Sponsors with well-funded plans may want to consider a pension buy-out to meaningfully reduce risk. Many are focusing on transferring liabilities associated with retiree populations, which are the most efficient to buy out. That’s because the PBGC’s per-participant premiums are increasing annually, and underfunded plans incur an additional variable-rate premium on unfunded vested benefits. These additional variable-rate premiums can equate to hundreds of dollars annually per participant, which augurs for small-benefit buyouts for retirees.

Other sponsors with limited de-risking budgets could also target retiree buy-outs or borrow opportunistically to bolster their plan’s funded position before embarking on a de‑risking journey. A borrow-to-fund strategy can replace volatile, expensive, pension liabilities with lower cost, fixed‑rate, obligations.

Interest in pension risk transfer (PRT) continues to intensify among U.S. defined benefit pension plans, as plan sponsors explore ways to reduce both balance sheet liabilities and funded status volatility. Experts expect domestic plans to purchase $20 Billion of annuities in PRT transactions in 2017, with significantly more in 2018 as plans enhance their funded status. Meanwhile, a recent industry survey showed 75% of plan sponsors were considering or planning lump sum offers.

Many plan sponsors have found responsibly ‘exiting the pension business’ to be highly liberating . . . and constructive in the sense it keeps the focus on creating value.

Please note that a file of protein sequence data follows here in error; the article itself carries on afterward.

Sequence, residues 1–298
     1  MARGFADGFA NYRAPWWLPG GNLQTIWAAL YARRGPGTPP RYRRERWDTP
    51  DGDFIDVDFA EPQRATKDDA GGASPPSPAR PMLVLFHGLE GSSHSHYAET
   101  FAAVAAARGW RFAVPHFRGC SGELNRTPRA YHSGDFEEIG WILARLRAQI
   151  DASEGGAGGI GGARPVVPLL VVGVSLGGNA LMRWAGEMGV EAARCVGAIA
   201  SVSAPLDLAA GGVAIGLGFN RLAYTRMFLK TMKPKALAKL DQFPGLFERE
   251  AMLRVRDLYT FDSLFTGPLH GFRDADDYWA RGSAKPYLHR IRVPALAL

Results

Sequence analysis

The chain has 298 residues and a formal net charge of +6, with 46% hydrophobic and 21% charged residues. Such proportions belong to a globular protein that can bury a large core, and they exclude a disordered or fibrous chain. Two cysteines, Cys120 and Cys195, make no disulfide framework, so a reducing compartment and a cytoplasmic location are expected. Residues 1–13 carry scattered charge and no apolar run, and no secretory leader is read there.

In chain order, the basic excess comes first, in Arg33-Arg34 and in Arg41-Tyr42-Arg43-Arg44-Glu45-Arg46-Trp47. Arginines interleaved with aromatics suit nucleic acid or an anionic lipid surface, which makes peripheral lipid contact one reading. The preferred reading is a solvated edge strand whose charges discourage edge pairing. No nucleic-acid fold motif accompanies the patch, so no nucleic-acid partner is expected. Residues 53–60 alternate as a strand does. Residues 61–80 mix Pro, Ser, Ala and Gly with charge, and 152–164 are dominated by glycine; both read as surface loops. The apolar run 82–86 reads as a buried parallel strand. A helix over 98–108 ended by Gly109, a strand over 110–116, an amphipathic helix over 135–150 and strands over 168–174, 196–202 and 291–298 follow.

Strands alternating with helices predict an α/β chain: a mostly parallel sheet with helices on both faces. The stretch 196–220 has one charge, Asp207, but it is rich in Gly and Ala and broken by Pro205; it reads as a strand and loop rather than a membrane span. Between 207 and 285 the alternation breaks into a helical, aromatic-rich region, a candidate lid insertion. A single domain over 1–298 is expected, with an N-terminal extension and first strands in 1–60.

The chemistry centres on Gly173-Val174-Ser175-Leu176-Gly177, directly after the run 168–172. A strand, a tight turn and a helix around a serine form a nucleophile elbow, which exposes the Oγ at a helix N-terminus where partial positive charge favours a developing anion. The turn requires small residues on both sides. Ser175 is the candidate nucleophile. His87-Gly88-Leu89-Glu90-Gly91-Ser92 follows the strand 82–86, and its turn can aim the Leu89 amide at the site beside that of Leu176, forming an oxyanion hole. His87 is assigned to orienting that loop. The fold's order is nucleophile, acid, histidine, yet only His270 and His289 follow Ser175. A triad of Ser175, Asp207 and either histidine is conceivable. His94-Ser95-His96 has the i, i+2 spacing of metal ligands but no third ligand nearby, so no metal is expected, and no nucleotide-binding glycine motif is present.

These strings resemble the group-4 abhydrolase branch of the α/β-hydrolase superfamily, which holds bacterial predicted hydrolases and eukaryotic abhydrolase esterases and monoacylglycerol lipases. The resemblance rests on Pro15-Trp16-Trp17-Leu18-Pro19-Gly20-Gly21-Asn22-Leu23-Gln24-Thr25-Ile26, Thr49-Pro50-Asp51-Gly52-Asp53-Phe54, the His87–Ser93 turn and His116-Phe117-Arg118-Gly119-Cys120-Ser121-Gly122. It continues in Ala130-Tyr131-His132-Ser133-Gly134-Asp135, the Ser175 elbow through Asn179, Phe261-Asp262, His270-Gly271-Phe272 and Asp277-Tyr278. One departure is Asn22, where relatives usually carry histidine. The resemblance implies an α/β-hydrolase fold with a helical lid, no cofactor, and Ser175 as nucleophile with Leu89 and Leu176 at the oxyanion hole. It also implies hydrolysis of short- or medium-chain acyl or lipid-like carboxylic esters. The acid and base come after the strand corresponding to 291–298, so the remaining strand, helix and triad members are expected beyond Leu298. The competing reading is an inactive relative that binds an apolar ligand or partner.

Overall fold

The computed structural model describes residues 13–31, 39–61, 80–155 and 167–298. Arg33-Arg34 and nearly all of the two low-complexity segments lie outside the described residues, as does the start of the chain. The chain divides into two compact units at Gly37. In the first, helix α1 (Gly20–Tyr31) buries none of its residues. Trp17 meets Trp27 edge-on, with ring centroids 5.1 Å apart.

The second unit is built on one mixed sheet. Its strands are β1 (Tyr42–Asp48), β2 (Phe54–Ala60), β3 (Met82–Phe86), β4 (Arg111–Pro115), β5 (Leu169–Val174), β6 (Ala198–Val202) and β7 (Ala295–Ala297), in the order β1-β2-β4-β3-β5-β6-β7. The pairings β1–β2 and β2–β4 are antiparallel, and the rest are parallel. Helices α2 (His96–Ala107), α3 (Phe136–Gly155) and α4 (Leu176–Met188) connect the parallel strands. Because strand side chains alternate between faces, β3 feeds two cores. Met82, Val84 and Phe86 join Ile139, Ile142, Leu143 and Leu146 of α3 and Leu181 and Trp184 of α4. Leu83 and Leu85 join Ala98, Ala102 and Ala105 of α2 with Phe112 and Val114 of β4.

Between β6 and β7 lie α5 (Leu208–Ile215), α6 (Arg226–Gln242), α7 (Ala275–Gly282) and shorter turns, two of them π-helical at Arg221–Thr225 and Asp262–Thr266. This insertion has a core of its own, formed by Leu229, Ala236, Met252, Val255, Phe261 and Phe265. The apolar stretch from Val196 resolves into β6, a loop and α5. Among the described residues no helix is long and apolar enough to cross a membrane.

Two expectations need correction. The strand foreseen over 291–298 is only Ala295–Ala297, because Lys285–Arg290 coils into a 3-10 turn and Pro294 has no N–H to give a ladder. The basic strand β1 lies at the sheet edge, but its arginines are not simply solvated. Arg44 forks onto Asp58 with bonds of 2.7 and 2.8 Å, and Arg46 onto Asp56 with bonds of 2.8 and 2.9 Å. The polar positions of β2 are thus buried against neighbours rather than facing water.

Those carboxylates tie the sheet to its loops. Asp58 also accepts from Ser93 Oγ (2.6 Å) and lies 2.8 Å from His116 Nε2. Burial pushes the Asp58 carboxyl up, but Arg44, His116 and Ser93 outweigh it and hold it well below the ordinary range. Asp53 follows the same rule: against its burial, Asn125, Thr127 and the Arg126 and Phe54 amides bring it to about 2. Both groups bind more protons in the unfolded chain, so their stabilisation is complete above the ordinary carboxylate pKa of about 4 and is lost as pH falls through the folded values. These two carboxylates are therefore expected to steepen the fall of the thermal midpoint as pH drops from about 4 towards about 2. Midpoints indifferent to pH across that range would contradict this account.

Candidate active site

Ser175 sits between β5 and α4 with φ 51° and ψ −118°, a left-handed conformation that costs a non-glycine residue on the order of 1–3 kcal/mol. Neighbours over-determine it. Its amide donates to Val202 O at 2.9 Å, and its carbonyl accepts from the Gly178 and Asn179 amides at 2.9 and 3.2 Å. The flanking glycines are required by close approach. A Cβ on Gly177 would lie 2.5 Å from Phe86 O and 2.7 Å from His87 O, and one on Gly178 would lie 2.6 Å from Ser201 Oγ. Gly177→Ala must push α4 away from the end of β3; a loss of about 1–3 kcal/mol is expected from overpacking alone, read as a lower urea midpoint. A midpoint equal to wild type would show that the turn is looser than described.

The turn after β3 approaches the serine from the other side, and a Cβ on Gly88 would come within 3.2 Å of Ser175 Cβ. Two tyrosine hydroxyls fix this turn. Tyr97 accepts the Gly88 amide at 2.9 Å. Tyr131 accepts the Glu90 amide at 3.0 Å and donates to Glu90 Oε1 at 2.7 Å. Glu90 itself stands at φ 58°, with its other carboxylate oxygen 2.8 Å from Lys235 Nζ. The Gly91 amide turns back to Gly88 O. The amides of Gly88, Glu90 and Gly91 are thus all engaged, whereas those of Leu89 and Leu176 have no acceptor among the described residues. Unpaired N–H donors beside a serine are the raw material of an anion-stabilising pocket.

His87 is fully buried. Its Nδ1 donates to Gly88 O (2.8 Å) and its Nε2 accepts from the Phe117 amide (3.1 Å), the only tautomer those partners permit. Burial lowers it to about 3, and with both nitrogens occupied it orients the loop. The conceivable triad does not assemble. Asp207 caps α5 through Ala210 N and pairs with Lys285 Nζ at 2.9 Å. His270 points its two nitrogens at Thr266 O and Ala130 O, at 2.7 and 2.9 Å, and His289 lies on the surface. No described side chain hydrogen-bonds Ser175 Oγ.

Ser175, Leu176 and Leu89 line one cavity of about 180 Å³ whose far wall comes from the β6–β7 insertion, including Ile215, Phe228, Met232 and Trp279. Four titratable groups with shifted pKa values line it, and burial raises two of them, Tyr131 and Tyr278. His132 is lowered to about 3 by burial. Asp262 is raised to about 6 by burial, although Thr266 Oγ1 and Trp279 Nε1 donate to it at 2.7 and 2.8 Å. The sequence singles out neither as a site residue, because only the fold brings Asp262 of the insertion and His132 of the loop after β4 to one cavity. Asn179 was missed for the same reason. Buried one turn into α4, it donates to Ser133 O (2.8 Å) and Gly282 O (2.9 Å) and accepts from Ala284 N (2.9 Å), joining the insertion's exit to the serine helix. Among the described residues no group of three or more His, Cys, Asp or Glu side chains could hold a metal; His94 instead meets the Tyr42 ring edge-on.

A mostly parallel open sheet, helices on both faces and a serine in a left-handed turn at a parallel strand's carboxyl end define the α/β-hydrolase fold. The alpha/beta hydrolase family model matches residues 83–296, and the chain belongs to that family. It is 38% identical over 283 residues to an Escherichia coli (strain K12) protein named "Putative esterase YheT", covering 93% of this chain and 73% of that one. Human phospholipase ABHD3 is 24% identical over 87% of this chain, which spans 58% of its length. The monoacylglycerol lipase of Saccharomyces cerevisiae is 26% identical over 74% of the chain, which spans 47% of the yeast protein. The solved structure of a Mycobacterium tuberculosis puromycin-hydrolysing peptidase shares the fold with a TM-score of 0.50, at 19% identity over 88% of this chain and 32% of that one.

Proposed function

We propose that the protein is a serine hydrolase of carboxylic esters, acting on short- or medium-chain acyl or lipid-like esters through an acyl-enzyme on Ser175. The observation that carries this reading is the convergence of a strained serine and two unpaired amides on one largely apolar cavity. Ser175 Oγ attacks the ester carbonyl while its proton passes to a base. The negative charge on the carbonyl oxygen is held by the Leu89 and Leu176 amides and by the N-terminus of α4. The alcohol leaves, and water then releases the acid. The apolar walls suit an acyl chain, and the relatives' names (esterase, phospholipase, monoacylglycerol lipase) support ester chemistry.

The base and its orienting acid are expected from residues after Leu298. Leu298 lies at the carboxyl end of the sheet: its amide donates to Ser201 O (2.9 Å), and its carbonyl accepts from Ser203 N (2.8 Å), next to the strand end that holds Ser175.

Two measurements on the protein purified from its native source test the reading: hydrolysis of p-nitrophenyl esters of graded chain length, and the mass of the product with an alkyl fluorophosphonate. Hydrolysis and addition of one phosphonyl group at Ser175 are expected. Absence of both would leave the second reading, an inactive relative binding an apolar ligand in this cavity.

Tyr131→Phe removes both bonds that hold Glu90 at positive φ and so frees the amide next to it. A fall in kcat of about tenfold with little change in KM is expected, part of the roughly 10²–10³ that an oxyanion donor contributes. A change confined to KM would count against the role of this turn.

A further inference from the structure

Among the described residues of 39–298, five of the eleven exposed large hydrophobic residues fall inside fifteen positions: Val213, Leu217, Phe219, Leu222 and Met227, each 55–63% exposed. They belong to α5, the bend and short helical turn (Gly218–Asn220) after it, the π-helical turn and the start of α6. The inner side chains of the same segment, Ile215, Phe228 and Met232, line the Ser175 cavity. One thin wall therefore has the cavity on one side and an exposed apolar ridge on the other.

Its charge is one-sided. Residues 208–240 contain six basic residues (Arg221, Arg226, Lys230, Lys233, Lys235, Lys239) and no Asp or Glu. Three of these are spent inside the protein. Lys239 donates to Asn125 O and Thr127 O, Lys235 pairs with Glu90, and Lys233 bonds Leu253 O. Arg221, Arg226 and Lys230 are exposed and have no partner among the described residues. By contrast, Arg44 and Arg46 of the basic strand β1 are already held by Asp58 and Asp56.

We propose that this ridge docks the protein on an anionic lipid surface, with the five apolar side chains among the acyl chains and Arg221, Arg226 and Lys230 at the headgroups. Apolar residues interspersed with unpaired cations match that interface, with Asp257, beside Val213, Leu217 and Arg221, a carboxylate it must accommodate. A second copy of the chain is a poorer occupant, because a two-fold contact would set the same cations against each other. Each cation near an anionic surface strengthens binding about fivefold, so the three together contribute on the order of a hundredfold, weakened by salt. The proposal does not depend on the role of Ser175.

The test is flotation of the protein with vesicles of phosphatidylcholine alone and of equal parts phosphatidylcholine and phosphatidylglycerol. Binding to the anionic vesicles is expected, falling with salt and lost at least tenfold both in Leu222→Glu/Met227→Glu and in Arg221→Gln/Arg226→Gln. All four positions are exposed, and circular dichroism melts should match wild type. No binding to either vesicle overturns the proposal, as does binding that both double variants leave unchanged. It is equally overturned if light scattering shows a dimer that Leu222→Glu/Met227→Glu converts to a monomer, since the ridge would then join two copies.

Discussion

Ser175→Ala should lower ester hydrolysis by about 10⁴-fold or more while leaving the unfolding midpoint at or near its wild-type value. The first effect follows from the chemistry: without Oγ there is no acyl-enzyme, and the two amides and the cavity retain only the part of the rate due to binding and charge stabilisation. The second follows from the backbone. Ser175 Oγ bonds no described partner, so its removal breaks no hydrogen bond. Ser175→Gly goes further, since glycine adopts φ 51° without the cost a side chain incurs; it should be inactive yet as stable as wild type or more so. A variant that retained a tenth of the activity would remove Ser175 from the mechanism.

Many plan sponsors with adequately-funded situations have found responsibly ‘exiting the pension business’ to be highly liberating . . . . and constructive in the sense it keeps the focus on creating value. Proactive plan fiduciaries continue to consider options for insulating themselves by removing unknowns.

When should a company consider de-risking its pension obligations? Probably “when it can.” Studies suggest the likelihood of sponsors ‘earning’ their way to fully funded status is remote; contributions to the plan (at greater after-tax cost) will be required over time . . . while all-in ongoing administrative costs comprise an inefficient and perhaps unnecessary burden. Discharging fiduciary responsibilities entails more than merely following prudent investment practices. Proactive stewardship requires on-going consideration of all options, including funding levels and PRT options.

When should a company consider de-risking its pension obligations?  When it can.

My team specializes in transferring pension liabilities and their potential to escalate away from plan sponsors and we do so in the most efficient manner possible. We have the experience, knowledge and partnerships in place to deliver solutions capable of reducing both cost and risk, thereby benefitting pension plans and their Trustees, sponsoring companies, and people.

Michael M. McDonough, RICP®, AIF®, CPA (inactive)
Michael M. McDonough, RICP®, AIF®, CPA (inactive)
michael@mmmadvisory.com